Genesis is the brand you may never have heard of.

If you’re now thinking of Phil Collins then you need to re-read the above. We’re talking about premium cars from Korea, not prog-rock from Surrey.

Genesis is the luxury division of the Hyundai Motor Group – much like Lexus is to Toyota or Infiniti is to Nissan. Except posher. Much posher. So posh, in fact, that they are the official sponsors of the PGA Scottish Open – from henceforth called the “Genesis Scottish Open”.

And it was the very snazzy Renaissance Club in North Berwick that the lovely people of Genesis invited the media to take a look at their first fully-electric vehicle, the Genesis GV60.

Genesis UK Managing Director, Andrew Pilkington was on hand to answer questions and explain the ethos behind Genesis – a dealer that has no dealerships but instead, a Personal Assistant that will see you straight through your next luxury car purchase; from hitting “Purchase” on the website, right through to personally delivering the car to your door.

And that is what Genesis is all about – the personal touch. Andrew was at great pains to explain that your personal assistant is not a Sales bod. You’ve made the choices yourself from the website with no pressure from any salesperson. I must say that the website is so impressive in its detail, I did kind of expect a salesperson to start pestering me online. . . but it never happened. You get to look around at leisure and to make the right choices for you.

Genesis must also be the only car manufacturer that offers a like-for-like vehicle transported to your door for those times your car is in for servicing. Nothing is too much trouble and this is how Genesis intend to change the selling and owning experience beyond recognition. Impressive stuff. And so are the cars.

I was lucky enough to be one of the first journos to get behind the wheel of the GV60 and it was also my first time behind the wheel of any Genesis model. Which was surprising as they’ve been around since 2016.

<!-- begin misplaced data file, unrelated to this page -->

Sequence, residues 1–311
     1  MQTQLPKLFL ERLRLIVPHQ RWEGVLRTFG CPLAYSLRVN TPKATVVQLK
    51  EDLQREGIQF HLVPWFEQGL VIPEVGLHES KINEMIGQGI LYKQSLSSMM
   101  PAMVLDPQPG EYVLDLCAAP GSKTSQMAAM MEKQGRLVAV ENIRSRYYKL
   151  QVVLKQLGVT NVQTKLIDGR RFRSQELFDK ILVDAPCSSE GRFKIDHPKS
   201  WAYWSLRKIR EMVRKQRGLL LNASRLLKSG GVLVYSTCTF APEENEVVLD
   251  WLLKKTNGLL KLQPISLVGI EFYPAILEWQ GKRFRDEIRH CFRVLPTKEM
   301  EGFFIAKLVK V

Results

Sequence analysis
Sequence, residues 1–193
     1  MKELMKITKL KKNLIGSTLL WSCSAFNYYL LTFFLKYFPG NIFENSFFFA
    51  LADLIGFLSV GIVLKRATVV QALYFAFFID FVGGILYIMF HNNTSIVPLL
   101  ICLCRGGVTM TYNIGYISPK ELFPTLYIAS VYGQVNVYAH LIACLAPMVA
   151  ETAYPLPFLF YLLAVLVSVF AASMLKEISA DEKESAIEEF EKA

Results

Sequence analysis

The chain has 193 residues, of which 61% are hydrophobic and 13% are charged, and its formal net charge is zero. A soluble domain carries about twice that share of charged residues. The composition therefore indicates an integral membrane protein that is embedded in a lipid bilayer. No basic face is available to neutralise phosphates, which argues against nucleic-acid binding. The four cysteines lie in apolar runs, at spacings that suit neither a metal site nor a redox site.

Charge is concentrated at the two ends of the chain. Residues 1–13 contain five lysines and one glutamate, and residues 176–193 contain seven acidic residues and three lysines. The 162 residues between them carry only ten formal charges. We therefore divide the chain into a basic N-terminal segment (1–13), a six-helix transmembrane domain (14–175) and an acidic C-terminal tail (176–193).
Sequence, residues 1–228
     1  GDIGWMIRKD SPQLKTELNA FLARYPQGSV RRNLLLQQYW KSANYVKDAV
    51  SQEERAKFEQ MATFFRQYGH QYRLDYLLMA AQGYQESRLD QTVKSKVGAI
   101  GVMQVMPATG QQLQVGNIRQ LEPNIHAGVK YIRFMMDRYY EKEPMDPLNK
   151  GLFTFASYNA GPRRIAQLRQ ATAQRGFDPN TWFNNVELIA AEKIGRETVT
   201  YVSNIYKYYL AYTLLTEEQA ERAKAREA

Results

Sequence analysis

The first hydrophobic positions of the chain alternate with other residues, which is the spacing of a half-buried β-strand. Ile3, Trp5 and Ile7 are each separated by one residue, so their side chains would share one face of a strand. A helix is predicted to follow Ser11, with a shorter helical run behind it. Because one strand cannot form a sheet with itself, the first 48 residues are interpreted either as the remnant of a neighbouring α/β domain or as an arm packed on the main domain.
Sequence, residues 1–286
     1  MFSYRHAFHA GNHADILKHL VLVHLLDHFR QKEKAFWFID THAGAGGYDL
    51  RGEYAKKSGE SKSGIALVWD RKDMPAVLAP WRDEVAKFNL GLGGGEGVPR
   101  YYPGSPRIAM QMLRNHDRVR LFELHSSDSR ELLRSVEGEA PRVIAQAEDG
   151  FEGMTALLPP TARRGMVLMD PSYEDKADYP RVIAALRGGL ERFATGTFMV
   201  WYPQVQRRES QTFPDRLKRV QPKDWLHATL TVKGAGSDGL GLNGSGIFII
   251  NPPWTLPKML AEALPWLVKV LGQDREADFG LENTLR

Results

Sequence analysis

However, although they have the likes of the GV70 luxury SUV in petrol and diesel format, with the G70 and G80 luxury saloons also similarly powered, the company intends to be fully-electric by 2025. Which isn’t far off at all, and so hence the future of Genesis begins with the fully-electric GV60.

And I think they’re off to a good start. The GV60 is striking to look at with its clamshell bonnet, flush door handles and a raked roof line. It looks muscular and those distinctive light clusters, front and back, add to the drama. It certainly stands out – especially in the Matterhorn White Matt of the press vehicles – although the Sao Paulo Lime is also a stunner.

Whichever colour you choose you’re looking at a starting price of £47,745 for the entry-level Premium model which has a single 168kW (226 bhp) motor driving the rear wheels only.

Add £6,600 and you get the Sport model with dual motors providing 314 bhp and all-wheel-drive. However, I’ve been driving the range-topping Sport Plus which costs from £66,145 on-the-road and gives you a more-than-generous 483 bhp and 700 Nm of torque, along with AWD. This model is capable of hitting 60mph in under 4 seconds and has a top speed of 146 mph.

And if you’re thinking the Tesla Model 3 could have it beat on price and outright performance then all I can say is “take a look inside the GV60 and feel the quality”. Not only does the GV60 outshine the bland Tesla on looks, it totally eclipses it on interior fit, finish and ambiance.

On entering the GV60, the first word that sprung to mind was “Bentley”. Now, I know that can be a great compliment or it can come with a huge side-order of irony/eye-rolling, but the GV60 doesn’t feel like it is trying too hard. The quality is most certainly there – everything that looks metallic is actual metal; everything that looks wooden is actual wood. There is no deception here. It’s just that winged badge and the diamond-patterned leather upholstery . . . However, it is all wrapped up with a feeling of opulence that takes your breath away. It really is that good – at a fraction of the price.

You even get a crystal-ball in the centre console that magically turns into your gear-selector when you switch on. Over the top? A little bit, but I loved it. It provides a sense of occasion we haven’t seen since Jaguar and their pop-up, rotary, gear selector.

Genesis say the interior invokes the “Beauty of White Space” which I can plainly see in the test car which has a beautiful cream interior. I think what they’re getting at is the interior is luxurious without being fussy. It feels very airy and you definitely get a sense of space. The ‘floating’ centre console adds to that feeling, as does the simple but classy climate controls sitting below the narrow air-vents.